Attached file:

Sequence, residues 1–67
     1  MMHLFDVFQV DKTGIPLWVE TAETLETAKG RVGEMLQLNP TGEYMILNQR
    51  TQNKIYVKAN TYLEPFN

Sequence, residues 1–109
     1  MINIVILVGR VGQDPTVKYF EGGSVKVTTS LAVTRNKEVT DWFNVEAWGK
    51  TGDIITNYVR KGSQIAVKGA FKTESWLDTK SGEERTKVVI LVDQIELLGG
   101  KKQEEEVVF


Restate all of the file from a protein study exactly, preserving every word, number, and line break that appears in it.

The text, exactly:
Sequence, residues 1–67
     1  MMHLFDVFQV DKTGIPLWVE TAETLETAKG RVGEMLQLNP TGEYMILNQR
    51  TQNKIYVKAN TYLEPFN

Sequence, residues 1–109
     1  MINIVILVGR VGQDPTVKYF EGGSVKVTTS LAVTRNKEVT DWFNVEAWGK
    51  TGDIITNYVR KGSQIAVKGA FKTESWLDTK SGEERTKVVI LVDQIELLGG
   101  KKQEEEVVF